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Linux tip: Finding rootfs during boot

Mar 12, 2009, 17:01 (0 Talkback[s])
(Other stories by Lei Jiang)

[ Thanks to An Anonymous Reader for this link. ]

"The root file system (named rootfs in our sample error message) is the most basic component of Linux. A root file system contains everything needed to support a full Linux system. It contains all the applications, configurations, devices, data, and more. Without the root file system, your Linux system cannot run.

"You may have experienced the cannot mount rootfs error (followed by your Linux host getting a kernel panic) after you reboot your system. This will most likely happen after you have attached some storage volumes from external storage. Or, it can also happen when you have finished copying files and need a reboot to finish installation.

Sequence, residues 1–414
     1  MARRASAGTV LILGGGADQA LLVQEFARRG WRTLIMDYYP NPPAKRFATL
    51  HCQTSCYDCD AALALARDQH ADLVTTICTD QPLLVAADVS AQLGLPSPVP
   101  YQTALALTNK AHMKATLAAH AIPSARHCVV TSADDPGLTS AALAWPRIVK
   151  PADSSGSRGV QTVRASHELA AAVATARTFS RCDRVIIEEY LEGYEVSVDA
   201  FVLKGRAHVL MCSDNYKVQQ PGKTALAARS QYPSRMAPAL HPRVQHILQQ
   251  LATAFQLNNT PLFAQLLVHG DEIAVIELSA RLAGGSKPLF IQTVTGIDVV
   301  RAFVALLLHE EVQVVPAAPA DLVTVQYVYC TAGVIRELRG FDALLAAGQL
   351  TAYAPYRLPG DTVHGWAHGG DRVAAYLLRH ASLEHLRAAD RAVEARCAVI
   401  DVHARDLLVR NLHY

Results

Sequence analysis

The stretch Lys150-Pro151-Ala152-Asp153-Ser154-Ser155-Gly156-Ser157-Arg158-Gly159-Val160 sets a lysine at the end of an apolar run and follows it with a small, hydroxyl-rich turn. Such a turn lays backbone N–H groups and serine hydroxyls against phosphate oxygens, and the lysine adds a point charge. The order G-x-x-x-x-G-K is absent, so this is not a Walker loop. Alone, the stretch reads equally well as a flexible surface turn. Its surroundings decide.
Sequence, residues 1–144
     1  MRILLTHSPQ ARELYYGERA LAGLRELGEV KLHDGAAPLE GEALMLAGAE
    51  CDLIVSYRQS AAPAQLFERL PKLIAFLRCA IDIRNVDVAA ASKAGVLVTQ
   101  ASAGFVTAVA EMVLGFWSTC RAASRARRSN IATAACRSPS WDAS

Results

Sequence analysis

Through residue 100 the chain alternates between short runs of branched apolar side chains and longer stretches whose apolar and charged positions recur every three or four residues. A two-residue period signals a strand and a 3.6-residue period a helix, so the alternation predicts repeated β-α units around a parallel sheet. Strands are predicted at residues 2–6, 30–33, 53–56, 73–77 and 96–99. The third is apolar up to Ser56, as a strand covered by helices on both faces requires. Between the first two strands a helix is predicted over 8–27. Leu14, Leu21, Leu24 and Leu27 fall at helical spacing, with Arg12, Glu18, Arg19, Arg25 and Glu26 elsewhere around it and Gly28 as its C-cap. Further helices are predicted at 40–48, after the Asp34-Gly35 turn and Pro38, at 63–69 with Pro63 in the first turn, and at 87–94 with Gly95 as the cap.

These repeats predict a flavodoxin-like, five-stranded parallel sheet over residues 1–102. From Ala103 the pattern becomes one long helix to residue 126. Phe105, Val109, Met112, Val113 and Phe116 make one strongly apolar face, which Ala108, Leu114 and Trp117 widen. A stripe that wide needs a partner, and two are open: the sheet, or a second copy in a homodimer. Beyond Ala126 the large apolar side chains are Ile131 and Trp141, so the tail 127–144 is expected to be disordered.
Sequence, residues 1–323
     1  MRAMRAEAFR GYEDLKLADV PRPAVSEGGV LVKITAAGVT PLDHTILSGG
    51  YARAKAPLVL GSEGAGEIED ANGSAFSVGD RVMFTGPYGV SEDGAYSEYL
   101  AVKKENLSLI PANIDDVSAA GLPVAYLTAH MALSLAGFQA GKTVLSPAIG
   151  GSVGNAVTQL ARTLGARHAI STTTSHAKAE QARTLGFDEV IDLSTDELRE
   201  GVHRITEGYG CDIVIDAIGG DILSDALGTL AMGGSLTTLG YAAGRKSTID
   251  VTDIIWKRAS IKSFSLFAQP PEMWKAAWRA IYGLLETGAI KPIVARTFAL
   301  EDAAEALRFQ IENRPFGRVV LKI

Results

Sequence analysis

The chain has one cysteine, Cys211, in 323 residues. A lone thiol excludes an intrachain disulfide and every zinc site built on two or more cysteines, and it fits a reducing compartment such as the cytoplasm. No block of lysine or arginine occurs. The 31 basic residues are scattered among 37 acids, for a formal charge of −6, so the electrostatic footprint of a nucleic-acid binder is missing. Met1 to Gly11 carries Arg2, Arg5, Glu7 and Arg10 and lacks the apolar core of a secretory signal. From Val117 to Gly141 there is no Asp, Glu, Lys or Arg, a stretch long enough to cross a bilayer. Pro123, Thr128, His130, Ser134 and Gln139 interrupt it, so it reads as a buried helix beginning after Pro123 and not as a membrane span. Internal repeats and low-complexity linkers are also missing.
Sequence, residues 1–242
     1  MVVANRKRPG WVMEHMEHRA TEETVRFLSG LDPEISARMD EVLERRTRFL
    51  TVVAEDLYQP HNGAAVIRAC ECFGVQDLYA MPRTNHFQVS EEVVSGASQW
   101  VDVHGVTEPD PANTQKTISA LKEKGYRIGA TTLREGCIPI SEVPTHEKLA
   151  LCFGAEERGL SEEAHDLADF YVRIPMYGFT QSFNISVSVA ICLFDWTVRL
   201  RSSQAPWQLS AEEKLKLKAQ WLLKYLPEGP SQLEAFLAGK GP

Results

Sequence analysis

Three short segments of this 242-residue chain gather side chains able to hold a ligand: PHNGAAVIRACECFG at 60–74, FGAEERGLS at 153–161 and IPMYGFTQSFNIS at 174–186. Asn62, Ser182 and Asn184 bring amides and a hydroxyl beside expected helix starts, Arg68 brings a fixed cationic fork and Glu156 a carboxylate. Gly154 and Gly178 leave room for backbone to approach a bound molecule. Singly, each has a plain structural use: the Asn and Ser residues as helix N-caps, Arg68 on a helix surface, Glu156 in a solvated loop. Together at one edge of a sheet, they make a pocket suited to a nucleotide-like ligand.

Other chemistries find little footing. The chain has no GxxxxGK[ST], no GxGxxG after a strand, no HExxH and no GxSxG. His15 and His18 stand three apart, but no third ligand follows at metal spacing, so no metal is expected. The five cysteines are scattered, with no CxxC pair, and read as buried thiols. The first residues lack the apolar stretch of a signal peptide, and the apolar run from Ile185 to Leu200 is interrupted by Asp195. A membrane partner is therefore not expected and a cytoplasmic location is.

"If this happens, your system will not restart. It could take time to troubleshoot this problem and fix it. This set of tips should help you solve the problem and save time.

"Another culprit could be the fact that your Linux kernel needs to mount the root file system, but it can't find the target device. In other words, your root file system doesn't show up where it is supposed to be. For example, you install your Linux root file system on disk /dev/sda, but your system can't mount it during reboot. There are two possible reasons for this:"

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